Tough times are hitting California hospitals and patients, according to a survey by the state hospital association.
Hospitals reported a 73% increase in patients having difficulty paying out-of-pocket healthcare costs and a 30% decline in volume for elective procedures. And 33% of hospitals surveyed said they are seeing more uninsured in their emergency rooms. A total of 82 chief financial officers at acute-care hospitals statewide responded to the survey conducted in November 2008.
The growing number of uninsured patients, coupled with inadequate Medi-Cal (Medicaid) payments and the ripple effects of the financial market crisis is leading to a decline in the financial health of Californias hospitals at the very time when demand for healthcare services is growing, said C. Duane Dauner, California Hospital Association president and chief executive officer, said in a written statement.
Nearly 70% of hospitals reported that deterioration in investment holdings had a moderate or significant affect on their overall financial condition. Some 16% said they are struggling to exit the auction-rate securities market, and are unable to find alternate financing during the credit crunch. Several hospitals reported concerns over compliance with bond covenants dictated relative to cash and liquidity measures.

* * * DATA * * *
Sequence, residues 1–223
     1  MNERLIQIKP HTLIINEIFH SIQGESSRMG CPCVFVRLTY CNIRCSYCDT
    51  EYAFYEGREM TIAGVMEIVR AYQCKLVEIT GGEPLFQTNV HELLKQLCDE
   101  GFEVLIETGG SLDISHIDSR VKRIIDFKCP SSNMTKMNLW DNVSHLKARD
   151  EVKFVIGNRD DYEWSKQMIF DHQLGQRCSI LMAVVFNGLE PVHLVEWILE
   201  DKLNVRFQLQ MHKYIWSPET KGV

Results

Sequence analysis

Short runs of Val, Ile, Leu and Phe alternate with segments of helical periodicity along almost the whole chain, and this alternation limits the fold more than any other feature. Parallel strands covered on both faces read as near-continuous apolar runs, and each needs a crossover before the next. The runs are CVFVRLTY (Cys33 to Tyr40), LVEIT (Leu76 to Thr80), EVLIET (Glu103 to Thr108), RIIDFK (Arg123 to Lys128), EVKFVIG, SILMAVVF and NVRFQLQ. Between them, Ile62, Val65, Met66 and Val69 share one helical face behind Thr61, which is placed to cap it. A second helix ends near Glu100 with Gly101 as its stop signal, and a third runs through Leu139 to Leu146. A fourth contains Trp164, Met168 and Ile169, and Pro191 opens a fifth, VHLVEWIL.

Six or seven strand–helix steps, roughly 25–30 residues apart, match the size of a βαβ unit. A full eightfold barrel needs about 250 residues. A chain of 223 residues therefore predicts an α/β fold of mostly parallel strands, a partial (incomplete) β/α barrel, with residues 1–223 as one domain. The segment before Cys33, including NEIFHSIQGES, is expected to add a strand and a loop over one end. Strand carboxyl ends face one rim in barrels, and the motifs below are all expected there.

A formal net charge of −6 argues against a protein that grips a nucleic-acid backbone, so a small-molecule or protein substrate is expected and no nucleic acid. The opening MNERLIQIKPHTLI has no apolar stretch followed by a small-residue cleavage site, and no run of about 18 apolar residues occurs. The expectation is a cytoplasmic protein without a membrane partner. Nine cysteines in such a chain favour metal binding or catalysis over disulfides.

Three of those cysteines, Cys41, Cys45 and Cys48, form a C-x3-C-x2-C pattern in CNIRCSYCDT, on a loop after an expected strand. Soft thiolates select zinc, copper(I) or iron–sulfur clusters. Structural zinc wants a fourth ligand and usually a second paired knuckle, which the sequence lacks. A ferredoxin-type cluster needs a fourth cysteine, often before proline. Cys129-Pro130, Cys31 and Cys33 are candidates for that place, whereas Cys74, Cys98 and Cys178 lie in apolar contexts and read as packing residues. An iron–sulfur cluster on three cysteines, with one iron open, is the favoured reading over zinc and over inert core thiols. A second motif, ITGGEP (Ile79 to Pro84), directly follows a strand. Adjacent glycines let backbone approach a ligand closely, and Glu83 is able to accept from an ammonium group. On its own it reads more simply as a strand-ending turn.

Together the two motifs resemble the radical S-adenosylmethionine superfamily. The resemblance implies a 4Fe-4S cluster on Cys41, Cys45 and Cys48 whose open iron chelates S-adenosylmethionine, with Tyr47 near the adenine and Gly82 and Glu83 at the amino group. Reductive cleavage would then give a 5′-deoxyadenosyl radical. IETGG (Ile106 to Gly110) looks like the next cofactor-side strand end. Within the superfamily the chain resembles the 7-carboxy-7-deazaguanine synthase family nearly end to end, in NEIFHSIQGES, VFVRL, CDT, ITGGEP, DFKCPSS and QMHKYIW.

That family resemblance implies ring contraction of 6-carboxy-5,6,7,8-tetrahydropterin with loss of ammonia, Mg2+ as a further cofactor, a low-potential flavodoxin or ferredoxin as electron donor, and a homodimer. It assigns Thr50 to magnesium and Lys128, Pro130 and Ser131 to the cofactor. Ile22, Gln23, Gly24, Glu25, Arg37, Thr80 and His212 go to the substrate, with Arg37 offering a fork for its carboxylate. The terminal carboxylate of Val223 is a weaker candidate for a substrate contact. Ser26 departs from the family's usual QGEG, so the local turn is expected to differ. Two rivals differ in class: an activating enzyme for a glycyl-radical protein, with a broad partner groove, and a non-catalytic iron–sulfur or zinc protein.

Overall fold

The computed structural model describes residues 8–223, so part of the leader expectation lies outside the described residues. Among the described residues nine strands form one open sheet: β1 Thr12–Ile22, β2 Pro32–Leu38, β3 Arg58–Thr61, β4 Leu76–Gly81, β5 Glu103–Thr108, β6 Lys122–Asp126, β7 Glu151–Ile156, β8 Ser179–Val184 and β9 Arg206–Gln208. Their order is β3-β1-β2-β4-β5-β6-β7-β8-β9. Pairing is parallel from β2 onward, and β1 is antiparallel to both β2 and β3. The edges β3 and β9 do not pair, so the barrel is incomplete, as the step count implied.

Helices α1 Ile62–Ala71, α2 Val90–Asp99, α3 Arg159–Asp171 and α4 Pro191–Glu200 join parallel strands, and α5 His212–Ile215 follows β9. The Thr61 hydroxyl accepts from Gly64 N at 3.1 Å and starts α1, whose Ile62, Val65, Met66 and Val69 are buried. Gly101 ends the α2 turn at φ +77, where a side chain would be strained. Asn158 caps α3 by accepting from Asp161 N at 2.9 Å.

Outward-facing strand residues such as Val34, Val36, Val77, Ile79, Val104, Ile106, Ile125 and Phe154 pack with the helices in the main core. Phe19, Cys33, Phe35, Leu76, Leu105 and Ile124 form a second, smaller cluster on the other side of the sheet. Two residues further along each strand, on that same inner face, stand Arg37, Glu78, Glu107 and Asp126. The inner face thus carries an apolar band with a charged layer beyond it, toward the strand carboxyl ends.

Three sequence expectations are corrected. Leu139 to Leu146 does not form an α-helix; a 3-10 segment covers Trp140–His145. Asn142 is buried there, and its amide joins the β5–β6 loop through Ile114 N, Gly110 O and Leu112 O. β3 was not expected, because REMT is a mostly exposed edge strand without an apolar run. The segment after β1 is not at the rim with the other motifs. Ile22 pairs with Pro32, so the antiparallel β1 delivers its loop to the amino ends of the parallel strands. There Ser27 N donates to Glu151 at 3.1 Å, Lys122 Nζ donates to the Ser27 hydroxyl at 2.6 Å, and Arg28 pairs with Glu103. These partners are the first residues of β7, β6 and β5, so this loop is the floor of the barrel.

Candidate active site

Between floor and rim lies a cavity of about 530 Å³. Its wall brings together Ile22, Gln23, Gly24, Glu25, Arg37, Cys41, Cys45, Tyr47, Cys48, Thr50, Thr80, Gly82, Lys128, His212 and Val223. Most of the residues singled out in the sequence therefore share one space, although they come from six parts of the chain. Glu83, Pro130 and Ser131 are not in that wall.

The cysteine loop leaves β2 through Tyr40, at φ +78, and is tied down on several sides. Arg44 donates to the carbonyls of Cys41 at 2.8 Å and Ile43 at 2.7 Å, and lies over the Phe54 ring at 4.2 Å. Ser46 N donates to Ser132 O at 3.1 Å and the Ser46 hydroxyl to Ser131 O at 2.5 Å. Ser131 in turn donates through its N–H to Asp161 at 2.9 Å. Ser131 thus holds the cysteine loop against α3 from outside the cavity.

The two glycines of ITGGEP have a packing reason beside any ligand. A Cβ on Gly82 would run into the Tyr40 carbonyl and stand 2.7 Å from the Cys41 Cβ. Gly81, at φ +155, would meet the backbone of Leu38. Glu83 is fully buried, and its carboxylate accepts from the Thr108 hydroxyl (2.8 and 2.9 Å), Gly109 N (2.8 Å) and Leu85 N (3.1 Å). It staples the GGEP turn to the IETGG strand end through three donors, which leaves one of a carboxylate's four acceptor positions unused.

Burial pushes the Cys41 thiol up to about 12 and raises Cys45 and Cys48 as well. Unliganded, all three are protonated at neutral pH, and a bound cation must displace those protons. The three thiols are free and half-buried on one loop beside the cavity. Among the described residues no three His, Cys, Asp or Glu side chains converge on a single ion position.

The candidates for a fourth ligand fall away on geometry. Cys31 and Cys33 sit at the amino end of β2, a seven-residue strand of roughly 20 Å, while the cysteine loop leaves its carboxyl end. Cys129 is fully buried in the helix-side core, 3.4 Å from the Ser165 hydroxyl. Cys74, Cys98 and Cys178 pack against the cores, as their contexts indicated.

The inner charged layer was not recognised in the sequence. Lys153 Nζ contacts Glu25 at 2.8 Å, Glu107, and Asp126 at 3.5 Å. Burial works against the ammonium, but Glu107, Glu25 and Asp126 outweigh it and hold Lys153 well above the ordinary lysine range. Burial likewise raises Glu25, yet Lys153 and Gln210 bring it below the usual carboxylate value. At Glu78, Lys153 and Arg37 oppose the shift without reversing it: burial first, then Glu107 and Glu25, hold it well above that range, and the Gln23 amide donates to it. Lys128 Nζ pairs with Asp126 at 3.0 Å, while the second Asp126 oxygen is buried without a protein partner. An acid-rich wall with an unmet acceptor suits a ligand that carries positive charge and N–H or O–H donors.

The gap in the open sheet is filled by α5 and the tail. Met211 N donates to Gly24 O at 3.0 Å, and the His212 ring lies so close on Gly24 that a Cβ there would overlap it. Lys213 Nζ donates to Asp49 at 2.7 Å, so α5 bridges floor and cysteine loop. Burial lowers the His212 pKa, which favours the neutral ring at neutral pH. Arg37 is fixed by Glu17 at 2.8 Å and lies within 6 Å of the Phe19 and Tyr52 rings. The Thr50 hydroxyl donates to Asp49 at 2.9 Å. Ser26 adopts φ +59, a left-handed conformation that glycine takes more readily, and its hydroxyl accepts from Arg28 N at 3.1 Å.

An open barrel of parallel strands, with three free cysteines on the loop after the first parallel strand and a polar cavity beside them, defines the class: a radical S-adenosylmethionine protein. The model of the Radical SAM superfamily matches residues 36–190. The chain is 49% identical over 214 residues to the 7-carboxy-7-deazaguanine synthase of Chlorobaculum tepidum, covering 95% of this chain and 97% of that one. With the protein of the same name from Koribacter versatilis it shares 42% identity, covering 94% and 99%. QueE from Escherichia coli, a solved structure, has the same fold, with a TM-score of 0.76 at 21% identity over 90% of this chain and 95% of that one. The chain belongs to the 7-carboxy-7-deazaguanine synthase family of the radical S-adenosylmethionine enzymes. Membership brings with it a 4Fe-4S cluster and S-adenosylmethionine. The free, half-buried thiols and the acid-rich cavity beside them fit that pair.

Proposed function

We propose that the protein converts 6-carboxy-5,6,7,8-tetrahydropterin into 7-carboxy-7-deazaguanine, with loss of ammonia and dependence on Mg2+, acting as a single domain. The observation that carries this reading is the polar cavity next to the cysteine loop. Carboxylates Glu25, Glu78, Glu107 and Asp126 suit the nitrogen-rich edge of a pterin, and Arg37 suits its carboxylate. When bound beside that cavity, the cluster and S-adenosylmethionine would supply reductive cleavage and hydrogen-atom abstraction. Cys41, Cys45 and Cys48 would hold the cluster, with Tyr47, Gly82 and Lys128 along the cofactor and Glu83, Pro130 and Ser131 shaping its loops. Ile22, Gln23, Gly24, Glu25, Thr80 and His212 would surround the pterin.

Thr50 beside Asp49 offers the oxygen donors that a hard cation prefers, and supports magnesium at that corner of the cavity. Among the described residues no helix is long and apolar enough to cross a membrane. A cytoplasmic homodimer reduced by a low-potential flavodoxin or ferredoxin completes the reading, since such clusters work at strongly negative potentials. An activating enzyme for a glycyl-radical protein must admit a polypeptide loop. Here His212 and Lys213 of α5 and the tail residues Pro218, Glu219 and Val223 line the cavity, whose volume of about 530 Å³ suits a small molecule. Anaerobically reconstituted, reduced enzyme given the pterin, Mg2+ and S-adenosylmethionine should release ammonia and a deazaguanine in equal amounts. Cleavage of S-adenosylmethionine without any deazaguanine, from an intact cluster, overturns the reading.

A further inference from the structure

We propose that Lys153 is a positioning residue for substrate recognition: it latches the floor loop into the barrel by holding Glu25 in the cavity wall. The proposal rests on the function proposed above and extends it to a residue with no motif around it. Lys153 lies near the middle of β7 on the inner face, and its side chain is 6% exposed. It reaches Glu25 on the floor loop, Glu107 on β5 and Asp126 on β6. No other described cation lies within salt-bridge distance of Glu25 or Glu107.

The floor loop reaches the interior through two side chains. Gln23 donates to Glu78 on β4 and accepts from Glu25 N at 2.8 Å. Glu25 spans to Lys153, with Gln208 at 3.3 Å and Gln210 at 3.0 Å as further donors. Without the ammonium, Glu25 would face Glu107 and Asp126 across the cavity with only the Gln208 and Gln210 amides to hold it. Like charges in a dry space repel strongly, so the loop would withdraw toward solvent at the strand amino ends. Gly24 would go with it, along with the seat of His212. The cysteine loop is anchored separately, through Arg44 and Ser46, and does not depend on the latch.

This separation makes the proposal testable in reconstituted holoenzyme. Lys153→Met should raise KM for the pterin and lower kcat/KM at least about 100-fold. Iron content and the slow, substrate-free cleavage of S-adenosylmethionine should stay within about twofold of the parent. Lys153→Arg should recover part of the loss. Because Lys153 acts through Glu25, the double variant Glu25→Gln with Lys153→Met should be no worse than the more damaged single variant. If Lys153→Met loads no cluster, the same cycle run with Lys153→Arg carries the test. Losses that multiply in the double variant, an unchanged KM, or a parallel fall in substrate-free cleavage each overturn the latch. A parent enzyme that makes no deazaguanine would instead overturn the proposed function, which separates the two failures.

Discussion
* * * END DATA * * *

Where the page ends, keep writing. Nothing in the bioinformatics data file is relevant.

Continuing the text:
More than a quarter of the respondents said that they are unable to access financing for construction or remodeling, equipment or working capital. And 41% said that they have halted construction or equipment purchases because of the recession. Nearly 38% said that they could not meet state seismic mandate deadlines of 2013 or 2015, according to the California Hospital Association. California ranks last among states in Medicaid funding and 49th in availability of hospital beds.
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